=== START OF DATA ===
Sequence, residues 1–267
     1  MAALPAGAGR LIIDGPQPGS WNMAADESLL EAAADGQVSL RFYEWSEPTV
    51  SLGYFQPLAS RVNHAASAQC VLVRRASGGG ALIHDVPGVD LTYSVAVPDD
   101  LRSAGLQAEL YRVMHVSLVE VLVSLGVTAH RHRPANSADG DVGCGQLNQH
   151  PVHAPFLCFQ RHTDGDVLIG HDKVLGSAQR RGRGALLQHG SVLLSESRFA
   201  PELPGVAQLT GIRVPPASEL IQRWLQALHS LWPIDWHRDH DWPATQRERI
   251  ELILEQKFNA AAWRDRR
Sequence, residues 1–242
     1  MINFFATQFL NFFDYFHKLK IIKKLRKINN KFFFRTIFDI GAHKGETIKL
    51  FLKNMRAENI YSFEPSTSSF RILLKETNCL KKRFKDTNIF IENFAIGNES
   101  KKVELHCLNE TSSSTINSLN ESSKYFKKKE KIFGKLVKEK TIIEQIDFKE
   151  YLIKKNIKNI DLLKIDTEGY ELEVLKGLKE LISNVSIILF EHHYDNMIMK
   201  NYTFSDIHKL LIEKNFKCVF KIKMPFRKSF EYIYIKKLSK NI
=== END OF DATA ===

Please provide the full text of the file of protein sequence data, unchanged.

Sequence, residues 1–267
     1  MAALPAGAGR LIIDGPQPGS WNMAADESLL EAAADGQVSL RFYEWSEPTV
    51  SLGYFQPLAS RVNHAASAQC VLVRRASGGG ALIHDVPGVD LTYSVAVPDD
   101  LRSAGLQAEL YRVMHVSLVE VLVSLGVTAH RHRPANSADG DVGCGQLNQH
   151  PVHAPFLCFQ RHTDGDVLIG HDKVLGSAQR RGRGALLQHG SVLLSESRFA
   201  PELPGVAQLT GIRVPPASEL IQRWLQALHS LWPIDWHRDH DWPATQRERI
   251  ELILEQKFNA AAWRDRR
Sequence, residues 1–242
     1  MINFFATQFL NFFDYFHKLK IIKKLRKINN KFFFRTIFDI GAHKGETIKL
    51  FLKNMRAENI YSFEPSTSSF RILLKETNCL KKRFKDTNIF IENFAIGNES
   101  KKVELHCLNE TSSSTINSLN ESSKYFKKKE KIFGKLVKEK TIIEQIDFKE
   151  YLIKKNIKNI DLLKIDTEGY ELEVLKGLKE LISNVSIILF EHHYDNMIMK
   201  NYTFSDIHKL LIEKNFKCVF KIKMPFRKSF EYIYIKKLSK NI